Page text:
I love to experiment with texture. When I paint on a canvas, I have a couple of spare canvasses close by. I use these spare canvasses to clean my brushes or palette knives. By the time I have finished my painting I have some wonderful texture to begin a new painting.
I find I am heavily drawn to earthy colours. I spent time camping in the Australian Outback in 2012 and absolutely loved the strong contrasts of colours. The blue sky against the red earth or rocks and sparse vegetation.
I am also influenced by the seasonal colours and changes in the environment.
I like brushes and palette knives equally, so interchange quite a bit.
I rarely have a fixed idea of what I will paint. After painting over my underpainting from cleaning my brushes/palette knives, I often see lines or shapes which guide the layout of a landscape. At other times I will use a reference photo of a captivating scene. I have completed many commissions, sometimes based on photos.
Realism with a Twist of Abstract
While I don’t like to box myself into a particular style, I have often been described as an abstract realist. I guess that’s because I often use techniques based on a landscape scene, but add a bit of my quirkiness to it. There is often a reason as it might be portraying an emotional/symbolic component to the piece.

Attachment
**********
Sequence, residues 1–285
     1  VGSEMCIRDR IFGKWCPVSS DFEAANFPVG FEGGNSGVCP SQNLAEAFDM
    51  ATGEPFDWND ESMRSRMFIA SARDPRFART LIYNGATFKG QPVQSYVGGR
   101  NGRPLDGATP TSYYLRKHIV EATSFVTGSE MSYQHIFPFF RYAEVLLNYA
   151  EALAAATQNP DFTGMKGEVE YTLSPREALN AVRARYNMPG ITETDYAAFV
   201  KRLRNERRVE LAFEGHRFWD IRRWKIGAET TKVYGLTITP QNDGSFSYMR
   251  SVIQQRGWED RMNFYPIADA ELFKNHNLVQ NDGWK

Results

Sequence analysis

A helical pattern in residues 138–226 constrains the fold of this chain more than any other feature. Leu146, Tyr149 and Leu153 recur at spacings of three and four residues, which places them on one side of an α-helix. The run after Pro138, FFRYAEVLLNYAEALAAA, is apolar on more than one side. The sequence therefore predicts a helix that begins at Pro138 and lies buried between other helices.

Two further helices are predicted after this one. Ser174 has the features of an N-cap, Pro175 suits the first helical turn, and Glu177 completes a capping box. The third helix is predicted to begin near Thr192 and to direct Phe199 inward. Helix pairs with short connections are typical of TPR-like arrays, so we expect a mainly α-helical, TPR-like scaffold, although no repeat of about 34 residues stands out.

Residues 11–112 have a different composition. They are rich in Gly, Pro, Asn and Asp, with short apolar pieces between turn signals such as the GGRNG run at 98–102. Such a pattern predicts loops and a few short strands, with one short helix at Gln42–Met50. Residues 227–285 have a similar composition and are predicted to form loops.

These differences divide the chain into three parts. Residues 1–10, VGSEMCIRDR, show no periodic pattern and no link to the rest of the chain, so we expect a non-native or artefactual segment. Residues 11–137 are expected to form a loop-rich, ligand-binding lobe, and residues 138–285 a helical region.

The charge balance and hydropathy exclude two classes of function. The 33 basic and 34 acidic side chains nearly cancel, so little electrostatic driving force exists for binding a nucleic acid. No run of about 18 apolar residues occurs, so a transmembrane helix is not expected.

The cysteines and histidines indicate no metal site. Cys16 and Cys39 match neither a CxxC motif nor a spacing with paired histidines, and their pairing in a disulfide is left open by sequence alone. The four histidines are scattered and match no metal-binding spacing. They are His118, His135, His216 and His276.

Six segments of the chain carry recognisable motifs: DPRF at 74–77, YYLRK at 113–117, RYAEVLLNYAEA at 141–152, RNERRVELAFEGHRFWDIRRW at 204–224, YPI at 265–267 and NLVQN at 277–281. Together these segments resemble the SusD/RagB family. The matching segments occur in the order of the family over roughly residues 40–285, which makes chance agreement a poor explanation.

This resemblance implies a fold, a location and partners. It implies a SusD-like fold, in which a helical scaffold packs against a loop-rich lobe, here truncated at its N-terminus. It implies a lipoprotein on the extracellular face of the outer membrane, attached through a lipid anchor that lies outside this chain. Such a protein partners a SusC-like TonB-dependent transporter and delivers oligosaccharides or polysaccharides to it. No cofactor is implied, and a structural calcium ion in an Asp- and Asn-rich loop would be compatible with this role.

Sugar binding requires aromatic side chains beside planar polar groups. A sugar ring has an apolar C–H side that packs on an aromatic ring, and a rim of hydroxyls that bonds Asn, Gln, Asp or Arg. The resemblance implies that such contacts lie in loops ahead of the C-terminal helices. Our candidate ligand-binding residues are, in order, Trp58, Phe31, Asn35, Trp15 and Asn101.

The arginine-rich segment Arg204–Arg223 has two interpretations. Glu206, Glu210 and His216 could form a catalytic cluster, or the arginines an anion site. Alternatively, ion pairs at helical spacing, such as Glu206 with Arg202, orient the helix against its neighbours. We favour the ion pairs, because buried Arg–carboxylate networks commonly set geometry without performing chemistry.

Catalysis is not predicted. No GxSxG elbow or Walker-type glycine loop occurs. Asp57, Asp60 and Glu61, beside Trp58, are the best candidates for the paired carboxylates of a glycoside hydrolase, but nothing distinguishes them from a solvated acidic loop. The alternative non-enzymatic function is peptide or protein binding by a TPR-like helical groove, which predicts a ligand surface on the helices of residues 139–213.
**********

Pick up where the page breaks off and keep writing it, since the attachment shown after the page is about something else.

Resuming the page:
For me, a tree is very symbolic. From the grounding roots to the presence or absence of leaves, its structure, and differences in bark. Whatever the variations, dead or alive, it is still a tree. For some time after my injury, I lost myself. I lost who I was, my sense of purpose and my identity. For this reason, I sometimes scrape back the new paint to the under paint to form a tree. I had to be reminded that I am still the same person deep inside, I still have the same values pre-and post-injury. At other times I paint the tree in – this will often mean a building up phase for me.
Sometimes they have no leaves. I love the structural beauty of a tree - sometimes I simply want to show this, other times it is symbolic of feeling a bit dead inside. Sometimes it’s showing the vulnerability of baring your soul to the world. But it also shows the strength of a tree/an individual during times of stress. Sometimes you just need to be for a while, to get in touch with your inner-self.
Most importantly, I find so much joy and nurture in trees, the gentle and mesmerising way they dance with the breeze, protect seedlings, and provide homes for other life. So there is hope, there is always hope.